Following an overwhelmingly negative reaction by wholesalers, the No. 2 brewer killed off a new Miller Genuine Draft campaign before it even broke.
The effort for its second-largest brand, from Wieden & Kennedy, Portland, Ore., was slated to break last week during the National Collegiate Athletic Association basketball tournament. But the still-unfinished spots were previewed at a March 5 wholesalers meeting and roundly panned. The brewer now is going back to the drawing board just weeks before the beer industry's key spring/summer selling season.
"They're not going to show that crap I saw? I'm glad to hear that," said one West Coast wholesaler who saw the spots at the brewer's wholesaler meeting in Nashville, Tenn.
DELAYED TILL NBA PLAYOFFS
New MGD work now won't break until the National Basketball Association playoffs in May, a Miller spokeswoman said.
The ads emphasized the cold-filter brewing process for Genuine Draft and featured singing brewery workers. Wholesalers liked the message but thought the delivery was silly. The tag: "Put a keg in your hand."
"I guess the initial reaction was strong enough to save [Miller] from themselves," said a southeastern wholesaler who saw the spots at the Nashville meeting.
"We're continuing to make changes" to the work, the Miller spokeswoman said, although she declined to say how extensively the eventual campaign will be changed.
According to several executives, Jerry Cronin, a Wieden creative director who worked on Genuine Draft, is leaving the agency. He couldn't be reached for comment at press time; Wieden didn't return phone calls.
Miller said it's holding off until the NBA playoffs because that's the next major property in which the ads could, according to the spokesman, "make a big splash."
Some interim and promotional work will run, mostly -- if not exclusively -- in spot markets.
The flip-flop has shaken the confidence in Miller of some wholesalers, who were already leery of the brewer's advertising strategy in wake of the controversial "Miller Time" campaigns for Lite and Genuine Draft.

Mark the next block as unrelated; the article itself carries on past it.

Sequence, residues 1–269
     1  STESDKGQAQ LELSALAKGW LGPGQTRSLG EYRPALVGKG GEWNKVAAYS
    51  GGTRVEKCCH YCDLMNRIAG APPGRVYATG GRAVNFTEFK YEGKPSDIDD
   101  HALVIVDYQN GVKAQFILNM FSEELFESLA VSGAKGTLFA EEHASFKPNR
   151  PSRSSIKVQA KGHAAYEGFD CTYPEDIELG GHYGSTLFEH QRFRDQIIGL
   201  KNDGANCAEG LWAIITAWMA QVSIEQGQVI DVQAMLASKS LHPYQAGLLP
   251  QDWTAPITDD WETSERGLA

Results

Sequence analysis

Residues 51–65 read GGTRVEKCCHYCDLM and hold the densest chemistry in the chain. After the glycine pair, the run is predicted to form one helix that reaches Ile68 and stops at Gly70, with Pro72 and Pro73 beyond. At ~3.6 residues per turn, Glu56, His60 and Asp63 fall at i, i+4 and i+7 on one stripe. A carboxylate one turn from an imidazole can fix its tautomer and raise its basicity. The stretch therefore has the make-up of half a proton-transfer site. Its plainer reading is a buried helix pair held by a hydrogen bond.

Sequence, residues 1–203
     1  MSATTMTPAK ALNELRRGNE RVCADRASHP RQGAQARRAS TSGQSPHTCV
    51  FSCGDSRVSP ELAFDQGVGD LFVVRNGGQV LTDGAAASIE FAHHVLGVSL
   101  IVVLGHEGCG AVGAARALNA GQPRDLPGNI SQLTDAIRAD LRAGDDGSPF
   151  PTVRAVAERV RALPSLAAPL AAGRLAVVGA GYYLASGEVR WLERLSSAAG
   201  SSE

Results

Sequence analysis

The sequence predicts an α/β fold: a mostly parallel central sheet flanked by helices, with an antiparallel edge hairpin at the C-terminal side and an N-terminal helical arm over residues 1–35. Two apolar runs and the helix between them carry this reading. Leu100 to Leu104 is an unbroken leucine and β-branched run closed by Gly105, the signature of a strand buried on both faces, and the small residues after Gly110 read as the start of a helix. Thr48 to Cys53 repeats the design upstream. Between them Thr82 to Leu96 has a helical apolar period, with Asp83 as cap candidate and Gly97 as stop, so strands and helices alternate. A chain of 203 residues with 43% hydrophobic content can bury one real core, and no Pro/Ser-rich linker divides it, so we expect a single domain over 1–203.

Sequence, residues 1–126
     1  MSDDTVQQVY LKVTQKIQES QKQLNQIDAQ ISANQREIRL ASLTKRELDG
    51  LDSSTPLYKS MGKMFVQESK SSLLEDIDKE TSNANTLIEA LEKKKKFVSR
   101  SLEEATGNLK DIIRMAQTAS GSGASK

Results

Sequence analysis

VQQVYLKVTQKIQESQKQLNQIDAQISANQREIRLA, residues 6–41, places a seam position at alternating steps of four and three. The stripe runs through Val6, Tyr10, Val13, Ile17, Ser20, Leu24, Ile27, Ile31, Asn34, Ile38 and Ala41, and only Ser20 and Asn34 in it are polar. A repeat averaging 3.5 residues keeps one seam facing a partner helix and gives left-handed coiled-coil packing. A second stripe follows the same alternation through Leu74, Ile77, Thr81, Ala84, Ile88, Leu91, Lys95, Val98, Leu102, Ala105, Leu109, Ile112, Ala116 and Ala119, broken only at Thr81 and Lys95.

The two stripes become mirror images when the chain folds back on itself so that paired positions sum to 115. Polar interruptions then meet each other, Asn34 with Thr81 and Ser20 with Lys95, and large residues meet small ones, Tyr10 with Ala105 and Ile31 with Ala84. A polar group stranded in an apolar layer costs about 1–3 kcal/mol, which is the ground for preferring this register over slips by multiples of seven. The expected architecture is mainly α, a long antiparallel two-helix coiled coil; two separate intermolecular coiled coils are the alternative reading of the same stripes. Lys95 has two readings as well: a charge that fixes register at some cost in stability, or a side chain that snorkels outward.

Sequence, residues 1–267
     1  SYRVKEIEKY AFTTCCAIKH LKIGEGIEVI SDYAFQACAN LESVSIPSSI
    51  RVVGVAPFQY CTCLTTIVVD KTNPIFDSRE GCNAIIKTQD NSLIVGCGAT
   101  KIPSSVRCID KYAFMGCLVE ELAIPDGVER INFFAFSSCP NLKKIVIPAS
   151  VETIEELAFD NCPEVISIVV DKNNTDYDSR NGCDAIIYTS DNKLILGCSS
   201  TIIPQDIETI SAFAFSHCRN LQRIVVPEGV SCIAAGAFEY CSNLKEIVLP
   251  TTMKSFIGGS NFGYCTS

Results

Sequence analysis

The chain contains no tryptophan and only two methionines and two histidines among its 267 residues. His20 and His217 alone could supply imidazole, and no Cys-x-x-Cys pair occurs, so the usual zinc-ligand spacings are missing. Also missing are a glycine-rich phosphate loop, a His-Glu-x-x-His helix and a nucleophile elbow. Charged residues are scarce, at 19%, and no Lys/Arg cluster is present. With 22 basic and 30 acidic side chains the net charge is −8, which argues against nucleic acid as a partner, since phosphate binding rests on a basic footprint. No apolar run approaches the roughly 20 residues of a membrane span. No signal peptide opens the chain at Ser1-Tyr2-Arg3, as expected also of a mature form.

The quirky Lite effort, aimed at twentysomethings, backfired and Miller put the account in review. Incumbent Fallon McElligott, Minneapolis, retained the business with a new, tamer approach featuring ex-jocks and celebrities.
While relieved that the Genuine Draft spots aren't going to run, wholesalers fear the brewery is now gun-shy after getting burned by the failed '96 launch of Miller Beer and the two "Miller Time" campaigns, which ultimately failed to boost the brands despite hundreds of millions of dollars of support.
Some wonder why the brewer let such flawed work progress to the point it did. Indeed, Miller was planning a public relations splash promoting the new, now-halted MGD campaign.
"It surprises me it got so far," said a Texas wholesaler. "Somebody said, 'That will work,' and that's what confuses me."
Miller's response to wholesaler criticism marks a sharp contrast to its reaction to the same group's complaints about Lite and Genuine Draft in January 1997. Then wholesalers' complaints were met with this response: You're not the target.
Ultimately, the wholesalers were vindicated when Miller VP-Marketing Jack Rooney last fall announced the campaigns would be abandoned in favor of ads with broader appeal.
Most wholesalers have embraced the new, more broad-based Lite ads, which revive the celebrity and ex-jock theme that built the brand in the 1970s and '80s.
'HOPING FOR A MIRACLE'
But even those ads can't please all the wholesalers. One major distributor complained that the celebrities in the first round of spots are too old.
The ads "went over well with the wholesalers because they're no different from the people at Miller: They're hoping for a miracle," the major distributor said. "There's nothing in them for the minimum age to 30-year-old because everyone in [the ads] is 150 years old."
Miller plans to work into the campaign more celebrities who appeal to drinkers in their 20s.
Miller has a lot of work ahead of it to come up with Genuine Draft creative that works as well as the Lite work, wholesalers said.
"Jack Rooney had big bags under his eyes from working on Lite," said the West Coast wholesaler, "and I imagine he'll have double bags when he's done with